I found this picture on Pinterest last summer while looking for pictures of similar model Frieghtliner semi trucks. Photographer is unknown.
When I first found the photo and enlarged it to where G&G Trucking on the truck and G&G Hogs on the trailer were visible many memories came rushing back to me. G&G hogs was a local company that bought hogs at their headquarters along with buying them out of area livestock auctions/sale barns for slaughter. While G&G trucking handled the transportation.
My family like many other farms raised hogs on there family farm. Before my memory my parents had sows and raised pigs from birth to slaughter weight. When I was older they bought feeder pigs, 50 to 60 pound pigs to feed to market weight.
In the mid 70’s to the early 80’s it seemed like there was a pig on every open piece of land that we could find. We had hog lots by the shop, across the road from the shop, and at a couple of old farmsteads down the road. In addition to dirt lots there was a hog barn across the road from the shop that could house about 300 head of hogs and we rented a another building next to town the would have held just as many.
Raising hogs on dirt is a pretty low cost endeavor. Dad and granddad had built shelters for them with a pipe frame that could be dragged around, some wire panels pens, electric fence, recycled lumber was used to build platforms for the water tanks and feeders. Raising them inside did cost a little more due to the capital investment in the buildings. The building at home was completely open on the south side so it was a summer only feeding use. The building rented next to town was fully enclosed so it could be used year round.
When the pigs first arrived for the dirt lots they were in pens with the wire panels and as they grew older they were introduced to electric fence and later their pens were expanded with electric fence. Feeding pigs outside usually resulted to slower weight gain, but was offset by the lower costs. Pigs fed inside were kept in pens they were permanently assigned had a portion of the floor slatted so waste could run into a pit underneath and them applied on farmland, nipple waters, and small feeders on the concrete floors that were supplied by bulk bins outside the buildings.
The local elevator mixed the feed to our specifications and delivered it to the the feeders for the outside pigs and the bulk bins for the inside pigs. We supplied the grain sorghum for the energy portion of the feed, mineral vitamins and and most likely soybean meal was added for protein. We used grain sorghum because the feed value is 90+% of corn, but priced much lower so using it significantly added value to the crop raised on the farm. The few times wheat prices were low enough justify feeding, feed rations were altered to included wheat.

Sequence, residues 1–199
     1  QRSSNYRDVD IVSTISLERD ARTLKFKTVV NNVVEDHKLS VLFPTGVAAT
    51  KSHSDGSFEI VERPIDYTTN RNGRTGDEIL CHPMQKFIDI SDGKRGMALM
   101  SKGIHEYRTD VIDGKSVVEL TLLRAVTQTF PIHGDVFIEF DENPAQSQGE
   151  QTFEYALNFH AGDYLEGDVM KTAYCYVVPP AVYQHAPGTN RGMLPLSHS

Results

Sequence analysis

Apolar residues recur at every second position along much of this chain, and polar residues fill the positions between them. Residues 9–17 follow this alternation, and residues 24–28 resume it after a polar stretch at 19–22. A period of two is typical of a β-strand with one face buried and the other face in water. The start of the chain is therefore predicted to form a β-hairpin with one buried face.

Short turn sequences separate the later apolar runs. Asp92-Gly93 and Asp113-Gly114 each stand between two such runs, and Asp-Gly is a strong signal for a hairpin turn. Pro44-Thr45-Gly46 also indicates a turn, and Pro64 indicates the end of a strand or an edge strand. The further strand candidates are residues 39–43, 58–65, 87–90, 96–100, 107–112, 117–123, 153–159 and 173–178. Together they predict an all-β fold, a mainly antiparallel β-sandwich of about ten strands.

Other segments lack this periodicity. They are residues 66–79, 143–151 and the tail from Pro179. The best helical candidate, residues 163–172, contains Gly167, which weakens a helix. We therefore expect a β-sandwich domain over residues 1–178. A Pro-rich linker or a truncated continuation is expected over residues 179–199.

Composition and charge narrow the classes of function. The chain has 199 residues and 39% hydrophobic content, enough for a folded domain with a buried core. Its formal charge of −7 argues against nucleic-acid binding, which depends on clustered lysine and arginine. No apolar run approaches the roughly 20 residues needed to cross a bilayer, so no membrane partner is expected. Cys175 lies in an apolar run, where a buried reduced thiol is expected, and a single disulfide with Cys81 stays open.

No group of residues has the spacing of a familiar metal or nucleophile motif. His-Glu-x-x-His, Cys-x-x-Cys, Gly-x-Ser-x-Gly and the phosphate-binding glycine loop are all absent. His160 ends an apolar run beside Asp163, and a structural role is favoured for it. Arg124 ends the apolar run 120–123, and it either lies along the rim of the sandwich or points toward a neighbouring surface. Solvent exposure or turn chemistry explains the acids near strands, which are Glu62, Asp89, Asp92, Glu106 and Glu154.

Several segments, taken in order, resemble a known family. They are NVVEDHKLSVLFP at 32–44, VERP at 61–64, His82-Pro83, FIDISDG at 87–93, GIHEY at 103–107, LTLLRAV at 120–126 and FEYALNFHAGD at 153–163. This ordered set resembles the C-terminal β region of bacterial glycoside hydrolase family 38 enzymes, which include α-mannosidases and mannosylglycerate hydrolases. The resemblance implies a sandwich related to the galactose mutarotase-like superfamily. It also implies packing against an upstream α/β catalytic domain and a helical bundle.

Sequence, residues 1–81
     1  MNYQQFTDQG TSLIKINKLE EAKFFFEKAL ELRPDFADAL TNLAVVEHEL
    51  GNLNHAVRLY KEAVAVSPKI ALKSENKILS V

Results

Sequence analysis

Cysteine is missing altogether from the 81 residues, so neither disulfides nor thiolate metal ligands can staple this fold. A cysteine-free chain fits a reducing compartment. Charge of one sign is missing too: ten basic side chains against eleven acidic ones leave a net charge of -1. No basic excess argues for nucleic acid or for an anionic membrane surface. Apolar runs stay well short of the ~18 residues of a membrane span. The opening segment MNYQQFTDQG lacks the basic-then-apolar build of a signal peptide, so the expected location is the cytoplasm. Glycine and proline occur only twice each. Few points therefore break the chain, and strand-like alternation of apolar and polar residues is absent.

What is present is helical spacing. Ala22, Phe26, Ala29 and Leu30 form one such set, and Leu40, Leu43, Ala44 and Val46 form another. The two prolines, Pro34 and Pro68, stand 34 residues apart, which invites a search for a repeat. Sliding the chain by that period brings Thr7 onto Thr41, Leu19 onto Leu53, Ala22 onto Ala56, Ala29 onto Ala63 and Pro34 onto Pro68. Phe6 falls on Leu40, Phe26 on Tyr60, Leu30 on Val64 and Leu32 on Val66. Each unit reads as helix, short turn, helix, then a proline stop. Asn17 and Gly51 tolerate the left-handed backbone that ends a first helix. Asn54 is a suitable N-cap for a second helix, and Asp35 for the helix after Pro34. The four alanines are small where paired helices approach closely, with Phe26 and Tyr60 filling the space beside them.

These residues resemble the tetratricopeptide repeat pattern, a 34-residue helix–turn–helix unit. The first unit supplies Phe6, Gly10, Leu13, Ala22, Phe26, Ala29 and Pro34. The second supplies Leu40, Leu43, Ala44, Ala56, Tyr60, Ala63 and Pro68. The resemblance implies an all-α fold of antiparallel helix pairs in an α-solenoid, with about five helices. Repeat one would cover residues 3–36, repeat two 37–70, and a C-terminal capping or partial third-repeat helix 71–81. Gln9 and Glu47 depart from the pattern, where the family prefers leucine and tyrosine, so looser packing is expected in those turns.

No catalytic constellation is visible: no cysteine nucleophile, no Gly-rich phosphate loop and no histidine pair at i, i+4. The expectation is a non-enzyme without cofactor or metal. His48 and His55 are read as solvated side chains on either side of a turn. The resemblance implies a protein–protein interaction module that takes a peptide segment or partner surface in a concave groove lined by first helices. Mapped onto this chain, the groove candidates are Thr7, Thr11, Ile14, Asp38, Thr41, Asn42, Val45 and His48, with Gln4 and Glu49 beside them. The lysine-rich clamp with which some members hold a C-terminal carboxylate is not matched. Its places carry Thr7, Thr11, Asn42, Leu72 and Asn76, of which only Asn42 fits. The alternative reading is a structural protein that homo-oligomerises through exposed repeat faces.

Some pigs were sourced locally while others came from further west such as the Great Bend, Kansas area. We built a good relationship with pig suppliers and even when markets were down we kept buying pigs from them knowing markets would turn around they would all make money again. In those times weak livestock market generally were times of strong grain markets so it might be a wash at the end of the year.
There were so many places that we marketed hogs at. I remember riding with dad to a buying station north of Clay Center, Kansas, a buying station is a place where farmers sold pigs directly to a packing company and they shipped semi loads to the packing plant. On many Thursday’s we had either the gooseneck livestock trailer or a grain truck loaded with market hogs to go to JC Livestock in Junction City, in the 80’s the place with hopping on thursday’s with pigs and Saturday’s with cattle, everyone in the area used them even though it was further than other sale barns this was where the most competitive prices were. Many mornings we hauled them to Pork Packers in Downs Kansas, dad commented that if the market prediction were for lower prices that day there was quite a line of trucks and trailers to unload before 9am and if the prices were expected to increase that day then the line might be at the gas station waiting to go to the packing house after 9am. We used Gehrke’s, G&G hogs, quite a bit also they were 10 miles away and we either didn’t have time to for the longer hauls or it was a money losing time when where they would buy lighter hogs with less discounts.
We played with feeding pigs a few times in the later 80’s and 90’s doing the Farmland grids through their buying station in Linn Kansas which worked quite well if pigs could be sourced that would meet the premiums offered. The writing was on the wall that high profit margin times were past and large producers comfortable making lower profit margins while maintaining family living were the way to go. This quickly gave way to packer control hogs after the price crash in the late 90’s that has resulted in 7 year financing of new hog buildings with 5 year contracts and all the feed coming off of company feed trucks. Only advantage farmers might have is access to manure and another market to stabilize feed grain prices, but many times the feed mill is located on rail lines that are able to bring low priced grain in from the central corn belt at a reduced costs.